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2. Income/Poverty

The poor may be more difficult to reach because they lack the time and resources to attend meetings, or the skills needed to take advantage of educational materials and opportunities. The poor are also less likely to use information technology. While rural areas may have IT access, they usually do not have Broadband capability. The average national poverty rate increased in 2001, after falling for most of the previous decade.

Related factors include the condition of housing (age of the home, whether it is a mobile home, number of people per room, access to telephone, availability of plumbing, kitchen facilities and motor vehicles, etc.) as well as educational attainment and reliance on welfare payments. The general trend is one of reduced welfare dependence (as a result of the Welfare Reform Act or PRWORA of 1996) but stable or even increasing poverty percentages. Access to a vehicle, for example, can be an important determinant of whether or not a person can find and keep a job, especially in rural areas that lack public transportation.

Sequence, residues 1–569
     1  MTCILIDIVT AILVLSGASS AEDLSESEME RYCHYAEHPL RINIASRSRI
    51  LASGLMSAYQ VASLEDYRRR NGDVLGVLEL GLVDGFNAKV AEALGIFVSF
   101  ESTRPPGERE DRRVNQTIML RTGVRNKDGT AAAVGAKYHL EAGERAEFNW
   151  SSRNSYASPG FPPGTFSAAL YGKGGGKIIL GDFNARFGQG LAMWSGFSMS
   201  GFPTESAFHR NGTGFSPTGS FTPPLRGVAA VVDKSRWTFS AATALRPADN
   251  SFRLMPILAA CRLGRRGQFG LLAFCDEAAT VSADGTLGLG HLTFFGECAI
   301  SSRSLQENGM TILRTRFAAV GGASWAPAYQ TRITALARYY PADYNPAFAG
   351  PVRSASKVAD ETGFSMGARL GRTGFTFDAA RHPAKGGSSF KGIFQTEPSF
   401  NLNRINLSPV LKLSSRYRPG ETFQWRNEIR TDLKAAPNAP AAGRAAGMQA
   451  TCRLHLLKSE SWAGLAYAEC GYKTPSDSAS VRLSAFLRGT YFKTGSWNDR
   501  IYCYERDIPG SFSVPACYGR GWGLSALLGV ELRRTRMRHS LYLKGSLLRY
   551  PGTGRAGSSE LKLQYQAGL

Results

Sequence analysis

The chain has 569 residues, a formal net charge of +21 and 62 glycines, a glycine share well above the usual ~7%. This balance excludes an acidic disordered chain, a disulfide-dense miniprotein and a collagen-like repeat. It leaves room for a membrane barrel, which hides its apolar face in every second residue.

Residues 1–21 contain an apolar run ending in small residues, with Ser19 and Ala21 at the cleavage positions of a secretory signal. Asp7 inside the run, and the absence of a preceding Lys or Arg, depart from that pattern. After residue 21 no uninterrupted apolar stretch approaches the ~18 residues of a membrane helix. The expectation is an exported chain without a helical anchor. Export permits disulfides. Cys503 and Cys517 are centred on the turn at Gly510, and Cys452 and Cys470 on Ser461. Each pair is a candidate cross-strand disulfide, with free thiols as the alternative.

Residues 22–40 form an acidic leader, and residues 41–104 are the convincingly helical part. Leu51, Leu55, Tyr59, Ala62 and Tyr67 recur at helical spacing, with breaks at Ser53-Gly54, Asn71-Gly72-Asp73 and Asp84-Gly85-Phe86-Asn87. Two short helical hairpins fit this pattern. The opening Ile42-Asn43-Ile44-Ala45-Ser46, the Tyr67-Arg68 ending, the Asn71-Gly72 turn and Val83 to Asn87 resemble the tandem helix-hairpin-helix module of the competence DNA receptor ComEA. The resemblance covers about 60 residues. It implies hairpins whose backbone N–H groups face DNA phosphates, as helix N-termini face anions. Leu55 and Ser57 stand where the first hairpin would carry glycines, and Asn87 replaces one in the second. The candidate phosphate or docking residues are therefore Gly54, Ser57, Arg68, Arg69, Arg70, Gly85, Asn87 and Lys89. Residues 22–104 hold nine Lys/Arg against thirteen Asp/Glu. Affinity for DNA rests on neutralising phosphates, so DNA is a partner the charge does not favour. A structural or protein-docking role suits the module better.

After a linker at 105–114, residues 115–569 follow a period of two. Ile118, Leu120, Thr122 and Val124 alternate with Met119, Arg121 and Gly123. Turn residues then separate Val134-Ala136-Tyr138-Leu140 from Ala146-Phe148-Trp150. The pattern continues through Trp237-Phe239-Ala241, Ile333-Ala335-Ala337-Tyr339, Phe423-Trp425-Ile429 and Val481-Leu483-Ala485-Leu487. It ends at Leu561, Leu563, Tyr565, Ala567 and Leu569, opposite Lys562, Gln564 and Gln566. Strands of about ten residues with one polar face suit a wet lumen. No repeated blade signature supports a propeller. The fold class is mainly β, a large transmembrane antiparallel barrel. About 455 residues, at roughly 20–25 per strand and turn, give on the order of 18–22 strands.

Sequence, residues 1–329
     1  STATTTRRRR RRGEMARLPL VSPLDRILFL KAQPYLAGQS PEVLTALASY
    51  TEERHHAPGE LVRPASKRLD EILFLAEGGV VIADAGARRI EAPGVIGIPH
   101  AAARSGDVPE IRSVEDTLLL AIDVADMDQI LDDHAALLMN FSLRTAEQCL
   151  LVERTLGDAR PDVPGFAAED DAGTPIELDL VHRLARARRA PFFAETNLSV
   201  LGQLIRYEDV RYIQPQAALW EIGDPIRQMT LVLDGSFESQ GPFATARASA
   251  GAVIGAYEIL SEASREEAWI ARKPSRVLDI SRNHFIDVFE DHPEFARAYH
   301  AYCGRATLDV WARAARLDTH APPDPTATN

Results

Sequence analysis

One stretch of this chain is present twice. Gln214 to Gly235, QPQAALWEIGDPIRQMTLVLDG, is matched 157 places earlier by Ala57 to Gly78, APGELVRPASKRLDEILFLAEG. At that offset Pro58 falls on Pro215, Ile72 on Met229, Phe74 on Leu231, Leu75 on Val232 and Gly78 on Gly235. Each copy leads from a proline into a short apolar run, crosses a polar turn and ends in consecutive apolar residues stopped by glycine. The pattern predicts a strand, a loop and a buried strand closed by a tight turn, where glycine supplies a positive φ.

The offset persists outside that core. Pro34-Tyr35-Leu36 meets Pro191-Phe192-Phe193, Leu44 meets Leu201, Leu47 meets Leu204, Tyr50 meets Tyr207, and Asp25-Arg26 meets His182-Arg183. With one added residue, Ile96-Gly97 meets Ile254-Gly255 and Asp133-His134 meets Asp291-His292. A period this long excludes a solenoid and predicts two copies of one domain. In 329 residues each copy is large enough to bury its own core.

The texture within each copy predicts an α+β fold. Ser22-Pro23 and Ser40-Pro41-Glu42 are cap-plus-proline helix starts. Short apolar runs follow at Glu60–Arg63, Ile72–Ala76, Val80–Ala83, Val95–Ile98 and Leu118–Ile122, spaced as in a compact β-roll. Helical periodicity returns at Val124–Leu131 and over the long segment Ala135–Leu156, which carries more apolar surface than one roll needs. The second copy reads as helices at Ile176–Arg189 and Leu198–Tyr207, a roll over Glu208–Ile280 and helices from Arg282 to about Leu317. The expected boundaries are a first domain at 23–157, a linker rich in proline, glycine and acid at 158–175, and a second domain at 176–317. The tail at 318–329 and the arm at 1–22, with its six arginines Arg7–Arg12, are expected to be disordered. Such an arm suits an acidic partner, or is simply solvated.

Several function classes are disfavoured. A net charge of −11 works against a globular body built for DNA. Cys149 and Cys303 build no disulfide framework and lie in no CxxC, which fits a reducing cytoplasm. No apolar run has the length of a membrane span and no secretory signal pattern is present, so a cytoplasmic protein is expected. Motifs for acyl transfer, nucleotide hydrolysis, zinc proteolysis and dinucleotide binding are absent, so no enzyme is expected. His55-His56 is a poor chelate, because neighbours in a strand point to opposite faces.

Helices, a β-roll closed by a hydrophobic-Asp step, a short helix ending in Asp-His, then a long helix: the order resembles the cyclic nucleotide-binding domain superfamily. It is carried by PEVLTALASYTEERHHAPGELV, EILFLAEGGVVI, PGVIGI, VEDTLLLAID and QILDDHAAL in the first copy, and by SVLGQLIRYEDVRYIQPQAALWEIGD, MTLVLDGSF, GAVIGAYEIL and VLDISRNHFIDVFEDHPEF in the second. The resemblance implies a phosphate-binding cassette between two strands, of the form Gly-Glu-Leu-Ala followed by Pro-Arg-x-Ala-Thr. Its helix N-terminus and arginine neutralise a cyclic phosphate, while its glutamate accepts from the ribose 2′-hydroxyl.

Key variables

  • Per capita income in 1999 (dollars)
  • Income in 1999 below poverty levels; percent of population for whom poverty status is determined; all ages, related children under 18 years (child poverty rate); 65 years and over; and percent of families
  • Percent of homes that lack complete plumbing facilities or complete kitchen facilities
  • Percent of homes with no vehicles available
  • Percent of homes with no telephone service available
    • Geographic Comparison Table (where to find the data):
    • Income and Poverty and Structural and Facility Characteristics of Housing